Uncovered Window Wells – When dogs are in hot pursuit of a ball, a squirrel, or a bird, they are laser-focused on the prize and the thought of looking before they leap doesn’t even enter their minds.  Because basement-level windows are intended to allow people to evacuate in case of an emergency, window wells are usually pretty deep.  An accidental tumble down a window well will definitely affect your pup’s confidence for a while and may even lead to a broken limb.  Heavy-duty plastic window well covers will prevent your pup (or a bunny) from falling into the well, while still allowing light to reach basement rooms.

Standing Water – Most homeowners don’t have to look very far to find incidents of standing water on their property.  Bird baths, empty buckets, kiddie pools, and even dogs’ water bowls are common culprits.  While water bowls are cleaned and refilled often enough that they are unlikely to pose any health risks to our pups, other sources of standing water can become unintentional breeding grounds for mosquitos, which carry heartworm larvae that can be transferred to your dog through a single bite.  Believe it or not, catnip may act as a natural flea repellant in your yard (and, if eaten by your dog in small quantities, catnip provides a good source of vitamin C).  While catnip won’t make your dog loopy like it does cats, you may notice that it’s a mild sedative for dogs.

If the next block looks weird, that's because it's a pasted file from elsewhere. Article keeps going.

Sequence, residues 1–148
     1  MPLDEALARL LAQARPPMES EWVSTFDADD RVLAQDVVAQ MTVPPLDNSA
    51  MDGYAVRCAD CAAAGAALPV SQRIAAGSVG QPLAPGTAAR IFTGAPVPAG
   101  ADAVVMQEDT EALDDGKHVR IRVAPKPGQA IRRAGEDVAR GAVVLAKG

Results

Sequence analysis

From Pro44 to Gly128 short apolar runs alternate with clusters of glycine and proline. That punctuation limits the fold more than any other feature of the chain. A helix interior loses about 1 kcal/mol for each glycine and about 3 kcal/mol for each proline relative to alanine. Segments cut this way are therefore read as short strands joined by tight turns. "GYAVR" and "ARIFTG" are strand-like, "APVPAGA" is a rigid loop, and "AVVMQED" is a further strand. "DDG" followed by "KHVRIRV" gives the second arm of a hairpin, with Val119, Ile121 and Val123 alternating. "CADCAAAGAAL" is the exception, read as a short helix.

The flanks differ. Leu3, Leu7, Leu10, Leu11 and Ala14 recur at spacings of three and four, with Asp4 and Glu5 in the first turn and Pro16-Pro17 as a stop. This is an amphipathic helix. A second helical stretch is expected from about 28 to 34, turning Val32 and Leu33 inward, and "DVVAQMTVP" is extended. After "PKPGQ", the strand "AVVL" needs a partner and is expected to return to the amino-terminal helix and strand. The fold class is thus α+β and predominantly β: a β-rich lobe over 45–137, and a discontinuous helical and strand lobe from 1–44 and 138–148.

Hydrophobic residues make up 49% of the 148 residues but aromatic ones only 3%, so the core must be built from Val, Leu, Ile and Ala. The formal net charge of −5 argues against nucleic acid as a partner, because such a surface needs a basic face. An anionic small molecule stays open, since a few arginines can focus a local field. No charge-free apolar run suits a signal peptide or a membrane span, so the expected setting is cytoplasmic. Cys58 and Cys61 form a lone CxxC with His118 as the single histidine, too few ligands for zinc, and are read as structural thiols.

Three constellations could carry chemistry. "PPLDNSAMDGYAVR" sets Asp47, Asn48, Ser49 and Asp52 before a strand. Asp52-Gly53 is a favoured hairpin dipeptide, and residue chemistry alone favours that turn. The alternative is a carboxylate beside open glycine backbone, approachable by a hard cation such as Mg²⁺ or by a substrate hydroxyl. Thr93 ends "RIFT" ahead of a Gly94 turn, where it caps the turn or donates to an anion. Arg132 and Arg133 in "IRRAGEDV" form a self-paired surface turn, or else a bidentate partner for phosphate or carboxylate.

Touching briefly on water bowls, it’s best to choose stainless steel.  Plastic dog bowls scratch easily, and the abrasions are natural breeding grounds for bacteria, especially if the water bowl sits in the sun.  Stainless steel is a more sanitary option, and unlike plastic bowls, they won’t crack in winter months.

Paw Injuries – You would be surprised by how many vet visits are required each year because of gashes in dogs’ paws from exposed metal landscape edging.  While some landscape edging has a protective coating, the harsh sun can cause it to crack and expose sharp edges that dogs have an uncanny ability to find!  Do a periodic check around your yard to ensure all sharp, exposed edges are pounded into the ground or receive a fresh coat of protective covering.

Splinters – Weathered boards on wooden decks or porches can cause splinters to puncture your pup’s paws.  By keeping them painted or treated, incidents of splinters hurting your dogs’ paws will be less likely.